There's a gas-price triple crown to end the week, as the average price at the regional and national levels held steady overnight, according to AAA Mid-Atlantic.
The five-county Philadelphia region saw its price for a gallon of regular no-lead remain at $4.05. In South Jersey, the average stayed at $3.88.
At the national level, the price remained at $3.99.
And it might not feel like much of a price break, but the average price for a gallon of diesel was down a cent overnight in the Philly region, to $4.97.
The average diesel price in South Jersey held at $4.72. And at the national level, the diesel average was down a penny to $4.76.
And we thought we had it tough a year ago: The Philly region's average gas price 12 months ago was $3.11 a gallon. In South Jersey, it was $2.89.
At the national level, the year-ago average was $3.13.
Oil prices shot up nearly $7 a barrel today, extending big gains from the previous day and racing toward an all-time high after a Morgan Stanley analyst predicted that prices could hit $150 by the Fourth of July.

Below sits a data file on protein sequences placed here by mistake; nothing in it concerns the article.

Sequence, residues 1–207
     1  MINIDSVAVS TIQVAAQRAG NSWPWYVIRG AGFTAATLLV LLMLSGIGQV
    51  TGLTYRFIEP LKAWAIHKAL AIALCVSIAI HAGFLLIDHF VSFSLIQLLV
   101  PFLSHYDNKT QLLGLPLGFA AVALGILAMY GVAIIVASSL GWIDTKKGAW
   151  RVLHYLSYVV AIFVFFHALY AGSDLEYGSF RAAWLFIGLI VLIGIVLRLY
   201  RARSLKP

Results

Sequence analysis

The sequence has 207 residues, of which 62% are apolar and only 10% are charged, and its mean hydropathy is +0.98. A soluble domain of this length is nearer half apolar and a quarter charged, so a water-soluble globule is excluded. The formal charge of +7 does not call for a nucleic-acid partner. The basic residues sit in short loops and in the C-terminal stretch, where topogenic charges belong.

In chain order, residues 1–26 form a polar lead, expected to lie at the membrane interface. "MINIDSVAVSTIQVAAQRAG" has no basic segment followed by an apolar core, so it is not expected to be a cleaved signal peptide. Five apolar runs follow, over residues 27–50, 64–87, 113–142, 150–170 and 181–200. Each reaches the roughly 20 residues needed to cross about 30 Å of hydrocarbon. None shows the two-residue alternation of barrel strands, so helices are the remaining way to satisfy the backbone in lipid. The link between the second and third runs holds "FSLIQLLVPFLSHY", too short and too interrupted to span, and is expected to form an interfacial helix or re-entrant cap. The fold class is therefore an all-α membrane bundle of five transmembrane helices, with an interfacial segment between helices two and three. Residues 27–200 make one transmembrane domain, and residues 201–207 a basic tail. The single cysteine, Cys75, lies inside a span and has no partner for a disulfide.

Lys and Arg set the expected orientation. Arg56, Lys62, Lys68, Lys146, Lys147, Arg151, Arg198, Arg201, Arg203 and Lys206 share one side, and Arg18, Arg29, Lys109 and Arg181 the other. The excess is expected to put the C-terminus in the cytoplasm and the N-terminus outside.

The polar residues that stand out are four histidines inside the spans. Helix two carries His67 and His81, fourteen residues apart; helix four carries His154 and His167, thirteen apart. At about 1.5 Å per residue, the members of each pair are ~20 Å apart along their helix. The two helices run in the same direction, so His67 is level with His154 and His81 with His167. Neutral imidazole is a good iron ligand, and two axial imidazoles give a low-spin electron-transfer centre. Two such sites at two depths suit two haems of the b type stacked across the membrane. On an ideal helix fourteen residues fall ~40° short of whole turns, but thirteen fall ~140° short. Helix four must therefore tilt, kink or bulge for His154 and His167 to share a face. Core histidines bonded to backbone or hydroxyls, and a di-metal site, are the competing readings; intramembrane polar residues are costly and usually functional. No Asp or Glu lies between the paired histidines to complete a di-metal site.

Light, sweet crude for July delivery jumped $6.27 to $134.06 on the New York Mercantile Exchange. Earlier, the contract rose as high as $134.68.
Today's surge builds on a $5.49 gain yesterday, which was the biggest single-day price increase in the history of the Nymex crude contract.
That spike came as the dollar fell in response to comments by the European Central Bank suggesting that the bank could raise interest rates.
Prices pushed sharply higher today after Morgan Stanley analyst Ole Slorer said he expected strong demand in Asia that could drive prices to $150 by July 4. Shipments from the Middle East are mimicking patterns seen in the third quarter last year, when Morgan Stanley based its "oil price spike" predictions on Atlantic Basin draws, he said.
"We made the same call using the same parameters, but now we are starting from much lower inventory levels," Slorer said today.
"Asia is taking an unprecedented share" of Middle East exports to build up stocks, Slorer wrote in his report.